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I am a New York-based writer, travel lover, and author of The Drive North and Destination Paranormal. I have several other books in the works, including fiction.

Hiking the Maroon Bells

The Maroon Bells

The Maroon Bells

Hiking the Maroon Bells near Aspen is one of the best experiences to be had when visiting Colorado. But when a friend of mine and I recently stopped in for a short walk, I left disappointed. That’s something not many people feel when leaving the area. The mountains and reflective waters are, after all, one of the most beautiful spots in the state. So why’d I leave disappointed? Because I didn’t have more time.

A map of the area around the Maroon Bells

A map of the area around the Maroon Bells

Like so many people,  I had seen more than my fair share of pictures from the Maroon Bells. Repeatedly I had been told how I needed to go. And more than a few times did I make plans to do so. Yet something always got in the way. Now that it happened, though, and I look back on my short time spent hiking in the White River National Forest, I see I drastically under budgeted my time.

In truth, there was no way around it. We were driving back to Denver the long way from Steamboat Springs, because the Ride the Rockies bike race had the most direct route shut down. So while we knew we weren’t going to have more than a couple of hours to spare, we agreed that stopping for any amount of time was better than nothing. And it most certainly was; but there are trails to explore, adventures to be had, and now I’ve got a bug to get back.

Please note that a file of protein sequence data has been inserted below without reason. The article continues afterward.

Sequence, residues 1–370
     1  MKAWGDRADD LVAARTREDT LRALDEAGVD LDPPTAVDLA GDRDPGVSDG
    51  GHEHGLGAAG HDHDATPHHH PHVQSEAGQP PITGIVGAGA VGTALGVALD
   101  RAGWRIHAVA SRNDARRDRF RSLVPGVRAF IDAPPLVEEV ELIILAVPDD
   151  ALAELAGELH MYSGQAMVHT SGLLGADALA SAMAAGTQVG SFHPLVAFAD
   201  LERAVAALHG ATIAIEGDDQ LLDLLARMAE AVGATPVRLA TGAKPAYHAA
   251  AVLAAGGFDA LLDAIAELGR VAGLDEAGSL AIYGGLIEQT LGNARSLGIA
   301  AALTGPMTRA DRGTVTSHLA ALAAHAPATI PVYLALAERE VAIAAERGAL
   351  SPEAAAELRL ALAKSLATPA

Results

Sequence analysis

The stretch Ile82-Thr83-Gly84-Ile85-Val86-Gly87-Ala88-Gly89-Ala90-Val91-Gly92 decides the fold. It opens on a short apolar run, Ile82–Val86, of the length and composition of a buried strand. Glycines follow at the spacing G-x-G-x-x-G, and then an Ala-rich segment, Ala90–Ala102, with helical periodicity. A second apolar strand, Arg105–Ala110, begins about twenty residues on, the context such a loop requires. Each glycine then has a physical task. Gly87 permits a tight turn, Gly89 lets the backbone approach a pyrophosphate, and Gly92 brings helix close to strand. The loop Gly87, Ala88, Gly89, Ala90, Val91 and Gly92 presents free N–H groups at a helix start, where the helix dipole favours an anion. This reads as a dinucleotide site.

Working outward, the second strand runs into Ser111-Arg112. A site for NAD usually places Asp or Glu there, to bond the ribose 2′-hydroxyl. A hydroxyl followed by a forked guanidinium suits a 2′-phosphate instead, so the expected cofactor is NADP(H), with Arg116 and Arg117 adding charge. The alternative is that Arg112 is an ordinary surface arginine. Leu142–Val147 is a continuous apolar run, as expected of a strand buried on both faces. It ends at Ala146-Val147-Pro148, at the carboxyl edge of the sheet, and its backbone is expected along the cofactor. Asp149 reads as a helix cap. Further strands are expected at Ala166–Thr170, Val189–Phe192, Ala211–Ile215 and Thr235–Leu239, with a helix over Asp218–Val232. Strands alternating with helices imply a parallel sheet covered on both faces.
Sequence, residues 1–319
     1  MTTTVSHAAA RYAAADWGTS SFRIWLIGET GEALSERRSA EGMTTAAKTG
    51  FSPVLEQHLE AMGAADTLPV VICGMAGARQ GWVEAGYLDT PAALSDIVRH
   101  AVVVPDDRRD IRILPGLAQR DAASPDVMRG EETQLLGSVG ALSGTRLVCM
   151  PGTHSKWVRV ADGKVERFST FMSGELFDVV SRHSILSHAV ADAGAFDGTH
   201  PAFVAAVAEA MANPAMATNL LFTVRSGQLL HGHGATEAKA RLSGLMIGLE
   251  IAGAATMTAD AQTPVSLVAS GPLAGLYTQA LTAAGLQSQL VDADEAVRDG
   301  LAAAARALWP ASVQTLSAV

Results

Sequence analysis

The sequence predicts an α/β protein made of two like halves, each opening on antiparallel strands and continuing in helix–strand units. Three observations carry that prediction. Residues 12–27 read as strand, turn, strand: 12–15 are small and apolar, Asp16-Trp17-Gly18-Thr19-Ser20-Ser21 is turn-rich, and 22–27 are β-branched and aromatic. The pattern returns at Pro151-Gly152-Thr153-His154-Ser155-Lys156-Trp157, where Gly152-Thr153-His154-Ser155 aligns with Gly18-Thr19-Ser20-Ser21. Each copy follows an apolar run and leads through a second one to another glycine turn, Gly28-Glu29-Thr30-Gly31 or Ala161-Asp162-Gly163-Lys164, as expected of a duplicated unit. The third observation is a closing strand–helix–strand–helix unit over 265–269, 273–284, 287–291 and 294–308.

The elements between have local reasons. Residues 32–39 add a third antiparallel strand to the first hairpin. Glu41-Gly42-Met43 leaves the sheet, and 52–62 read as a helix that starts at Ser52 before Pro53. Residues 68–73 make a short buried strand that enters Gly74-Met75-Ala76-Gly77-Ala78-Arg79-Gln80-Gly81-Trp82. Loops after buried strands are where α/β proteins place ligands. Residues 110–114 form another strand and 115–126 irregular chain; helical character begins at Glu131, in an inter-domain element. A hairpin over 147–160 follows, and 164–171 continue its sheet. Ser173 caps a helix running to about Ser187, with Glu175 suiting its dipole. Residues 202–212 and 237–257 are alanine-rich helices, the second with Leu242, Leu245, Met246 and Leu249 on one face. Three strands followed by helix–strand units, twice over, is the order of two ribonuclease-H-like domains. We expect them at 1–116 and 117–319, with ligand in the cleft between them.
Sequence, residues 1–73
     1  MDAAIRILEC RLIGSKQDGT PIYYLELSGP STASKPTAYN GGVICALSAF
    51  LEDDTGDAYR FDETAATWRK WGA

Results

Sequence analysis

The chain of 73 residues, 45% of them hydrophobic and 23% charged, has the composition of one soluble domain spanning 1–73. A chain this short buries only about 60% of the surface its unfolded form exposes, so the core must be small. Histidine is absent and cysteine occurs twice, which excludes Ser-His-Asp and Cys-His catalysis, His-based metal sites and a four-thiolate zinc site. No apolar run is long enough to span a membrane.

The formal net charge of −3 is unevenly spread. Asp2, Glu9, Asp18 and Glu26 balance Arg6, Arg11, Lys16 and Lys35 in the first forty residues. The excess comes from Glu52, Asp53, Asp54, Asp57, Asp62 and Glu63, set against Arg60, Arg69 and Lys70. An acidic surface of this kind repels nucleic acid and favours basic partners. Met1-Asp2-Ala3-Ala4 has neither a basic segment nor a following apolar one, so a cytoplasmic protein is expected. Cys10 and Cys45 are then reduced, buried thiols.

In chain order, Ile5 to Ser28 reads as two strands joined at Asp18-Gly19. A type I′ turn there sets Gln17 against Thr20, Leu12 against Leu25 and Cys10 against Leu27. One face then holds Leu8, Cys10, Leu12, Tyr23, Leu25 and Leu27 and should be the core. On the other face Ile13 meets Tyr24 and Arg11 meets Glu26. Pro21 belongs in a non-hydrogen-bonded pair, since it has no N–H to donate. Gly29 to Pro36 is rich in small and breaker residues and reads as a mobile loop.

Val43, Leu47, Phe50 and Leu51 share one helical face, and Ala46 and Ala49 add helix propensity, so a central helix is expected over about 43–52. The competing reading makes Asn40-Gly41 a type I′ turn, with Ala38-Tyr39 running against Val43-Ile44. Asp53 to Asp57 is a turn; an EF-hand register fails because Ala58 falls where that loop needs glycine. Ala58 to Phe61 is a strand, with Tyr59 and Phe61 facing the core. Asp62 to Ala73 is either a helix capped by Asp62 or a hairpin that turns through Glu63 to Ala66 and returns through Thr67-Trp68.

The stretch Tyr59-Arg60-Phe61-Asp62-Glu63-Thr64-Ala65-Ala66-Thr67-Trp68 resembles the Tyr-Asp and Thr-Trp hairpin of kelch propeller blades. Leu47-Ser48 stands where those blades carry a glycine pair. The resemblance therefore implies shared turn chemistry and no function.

A waterfall up the trail behind Maroon Lake

A waterfall up the trail behind Maroon Lake

While at the Bells, we walked the path along the lake. We hiked up to the waterfalls in the trees at the base of the mountains. And we simply sat and enjoyed the view. In case you’re not able to do so on your travels, don’t worry. I’ve got you covered. I took a big panoramic of the whole area:

Click on me for the full screen panoramic

Click on me now and again when I open for the full screen panoramic

Even if you loved that photo or the others, I’m not going to tell you to go. No. I’m not going to jam it down your throat like others have done to me. But just know that it is one of the most photographed areas on the continent for a simple reason: it’s amazing. So while Aspen may be out of the budget for a lot of folks, myself included, there are ways to make it happen, whether it be by driving down from nearby Glenwood Springs, over Independence Pass from Leadville, or going it on the cheap with some camping. No matter how you do it, though, you likely won’t be disappointed so long as you give it plenty of time.

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2 Comments on “Hiking the Maroon Bells”

  1. Traveling Ted (@travelingted) July 12, 2014 at 10:22 am #

    I think it is a good thing to leave a place knowing you wish you had more time to stay. It gives you a reason to go back and gives you something to look forward to. It beats the alternative which is leaving a place after you felt like you saw everything or even worse leaving a place after you felt you saw too much.

  2. sayyestohappy November 22, 2014 at 12:36 am #

    Maroon Bells is my boyfriend and I’s favorite place! I blogged about our short trip there as well. Such an unbelievably beautiful place!! Great post and pictures!


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